Four times as many younger people were diagnosed with dementia last year than in 2011, the National Neuroscience Institute (NNI) revealed yesterday.
It had 27 patients under 65 in 2011 and 121 last year, though the reasons for the "alarming" rise are not yet fully understood, according to Associate Professor Nagaendran Kandiah of the NNI's neurology department.
"If this trend continues, we are in big trouble because we don't have enough services for these patients at the moment," he said.
Prof Nagaendran carried out a study of 250 dementia patients - around a third of whom were under 65 - to find out the financial impact of getting dementia early.
Forthose over 65, he found, the median annual cost was around $11,400. For younger patients, it was nearly double that, at $21,400.
(Younger patients) go once, and they see that everyone there is over 70, and they don't want to go back.
ASSOCIATE PROFESSOR NAGAENDRAN KANDIAH, from National Neuroscience Institute, on support for the under-65s.
Symptoms in younger patients
Dementia symptoms in younger patients are slightly different from those in older ones.
According to Associate Professor Nagaendran Kandiah of the National Neuroscience Institute's neurology department, they include:
• Difficulties with language and a shrinking vocabulary. For example, they may refer to a knife as a fork, mispronounce the word or simply refer to it as "that thing".
• Changes in behaviour, especially a lack of inhibition, which results in their acting inappropriately in social situations. At work, for example, they may be disruptive when they were previously reserved.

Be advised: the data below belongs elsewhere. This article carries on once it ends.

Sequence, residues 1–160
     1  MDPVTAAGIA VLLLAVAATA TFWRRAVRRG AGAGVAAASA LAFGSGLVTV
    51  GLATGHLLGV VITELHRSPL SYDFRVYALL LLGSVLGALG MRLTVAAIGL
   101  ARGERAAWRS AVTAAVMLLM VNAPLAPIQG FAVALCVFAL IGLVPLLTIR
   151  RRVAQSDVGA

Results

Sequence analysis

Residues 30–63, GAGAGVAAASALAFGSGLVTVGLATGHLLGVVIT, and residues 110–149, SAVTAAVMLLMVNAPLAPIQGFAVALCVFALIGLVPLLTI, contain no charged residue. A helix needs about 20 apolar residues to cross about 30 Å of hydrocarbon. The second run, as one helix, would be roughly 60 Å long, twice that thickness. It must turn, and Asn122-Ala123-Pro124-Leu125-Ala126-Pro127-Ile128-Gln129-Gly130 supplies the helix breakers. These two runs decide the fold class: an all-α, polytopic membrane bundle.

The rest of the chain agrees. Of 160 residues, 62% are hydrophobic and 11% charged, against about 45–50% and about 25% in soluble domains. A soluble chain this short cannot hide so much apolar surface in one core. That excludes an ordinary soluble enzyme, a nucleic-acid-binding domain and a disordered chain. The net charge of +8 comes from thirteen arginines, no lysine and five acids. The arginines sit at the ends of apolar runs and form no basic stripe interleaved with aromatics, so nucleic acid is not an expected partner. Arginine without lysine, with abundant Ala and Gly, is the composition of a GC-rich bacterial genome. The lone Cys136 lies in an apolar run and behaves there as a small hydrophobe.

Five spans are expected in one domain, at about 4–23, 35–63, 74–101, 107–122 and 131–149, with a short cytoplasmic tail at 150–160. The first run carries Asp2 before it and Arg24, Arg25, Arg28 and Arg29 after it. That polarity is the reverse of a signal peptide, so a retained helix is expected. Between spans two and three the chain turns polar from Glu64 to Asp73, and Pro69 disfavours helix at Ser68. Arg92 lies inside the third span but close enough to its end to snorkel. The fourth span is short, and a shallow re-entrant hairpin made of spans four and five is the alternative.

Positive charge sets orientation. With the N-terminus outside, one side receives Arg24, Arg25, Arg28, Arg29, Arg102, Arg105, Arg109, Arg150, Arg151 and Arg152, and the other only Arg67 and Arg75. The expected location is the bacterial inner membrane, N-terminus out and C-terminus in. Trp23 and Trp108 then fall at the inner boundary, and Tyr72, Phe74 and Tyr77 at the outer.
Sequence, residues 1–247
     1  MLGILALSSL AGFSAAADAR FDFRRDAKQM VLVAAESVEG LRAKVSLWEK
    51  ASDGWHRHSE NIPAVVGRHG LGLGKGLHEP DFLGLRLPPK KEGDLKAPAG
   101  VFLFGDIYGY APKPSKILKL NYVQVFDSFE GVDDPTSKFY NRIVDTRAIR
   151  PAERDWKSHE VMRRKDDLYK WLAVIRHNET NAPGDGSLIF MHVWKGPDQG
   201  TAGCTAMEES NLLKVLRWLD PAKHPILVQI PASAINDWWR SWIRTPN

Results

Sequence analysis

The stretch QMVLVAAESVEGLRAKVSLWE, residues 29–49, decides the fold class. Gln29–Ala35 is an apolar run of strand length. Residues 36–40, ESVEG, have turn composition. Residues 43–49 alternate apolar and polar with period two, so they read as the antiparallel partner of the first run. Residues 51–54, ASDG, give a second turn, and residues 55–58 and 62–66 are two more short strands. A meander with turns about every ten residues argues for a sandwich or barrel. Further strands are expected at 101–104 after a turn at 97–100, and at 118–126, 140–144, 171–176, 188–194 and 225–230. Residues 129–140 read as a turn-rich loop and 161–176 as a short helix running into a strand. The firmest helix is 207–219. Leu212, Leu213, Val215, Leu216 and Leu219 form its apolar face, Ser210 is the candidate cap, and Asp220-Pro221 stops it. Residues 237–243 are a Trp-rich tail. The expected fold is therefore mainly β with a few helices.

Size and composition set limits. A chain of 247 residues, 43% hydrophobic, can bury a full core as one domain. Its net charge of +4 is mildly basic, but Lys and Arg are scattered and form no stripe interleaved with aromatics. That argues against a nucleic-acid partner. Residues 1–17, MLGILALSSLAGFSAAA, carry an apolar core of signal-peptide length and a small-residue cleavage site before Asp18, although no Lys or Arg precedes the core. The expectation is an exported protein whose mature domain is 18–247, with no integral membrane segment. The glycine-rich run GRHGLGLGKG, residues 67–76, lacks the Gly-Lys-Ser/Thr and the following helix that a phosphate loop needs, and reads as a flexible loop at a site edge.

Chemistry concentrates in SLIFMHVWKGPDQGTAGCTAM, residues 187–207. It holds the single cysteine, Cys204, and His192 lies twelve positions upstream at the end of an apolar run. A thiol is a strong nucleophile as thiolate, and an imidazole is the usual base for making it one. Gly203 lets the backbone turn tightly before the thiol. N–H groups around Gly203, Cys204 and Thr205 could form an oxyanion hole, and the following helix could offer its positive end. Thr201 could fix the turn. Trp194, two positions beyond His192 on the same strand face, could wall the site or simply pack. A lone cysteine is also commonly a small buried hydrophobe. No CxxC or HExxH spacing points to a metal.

• Problems with finding their way around, such as constantly alighting at the wrong MRT station or getting lost in shopping malls.
Prof Nagaendran added that people should see a doctor if:
• Any of the symptoms last more than six months;
• People, such as your family or colleagues, start noticing the differences;
• The problems are starting to affect functions in daily life, such as work meetings.
Around 40 per cent of the younger patients in his study reported losing their jobs due to dementia, which was a main contributor to the higher cost.
"If you have dementia when you are 75, you have already retired," Prof Nagaendran said. "But if you are 50, you are most likely still working, or even the sole breadwinner."
While dementia typically hits the over-70s, young dementia patients start showing symptoms in their 40s or 50s.
Prof Nagaendran estimates that there are 40,000 people in Singapore with dementia, 10 per cent of whom are under 65.
While dementia in older people tends to show up as forgetfulness, younger dementia patients usually have problems with language.
Their behaviour may also be radically different and could be disruptive, which contributes to their losing their jobs.
Prof Nagaendran said his study shows that more needs to be done to help younger dementia patients and their families cope with the financial and social impact of the disease.
For example, programmes at daycare centres are targeted at older patients. "(Younger patients) go once, and they see that everyone there is over 70, and they don't want to go back," he said.
One of his patients is Ms Jennifer Low, 60, who was diagnosed with dementia six months ago.
However, her son, actor Joshua Lim, said her symptoms started around two years ago.
"She kept forgetting words and repeating the same questions, even when we had just told her the answers," said Mr Lim, 30.
The first doctor they saw dismissed their concerns, saying that Ms Low was too young to have dementia, but her family knew that something was wrong.
Now, she is on medication and attends a programme that provides exercise and mental stimulation.
"Since then, there's been a slowing down of the (mental) degeneration," Mr Lim said.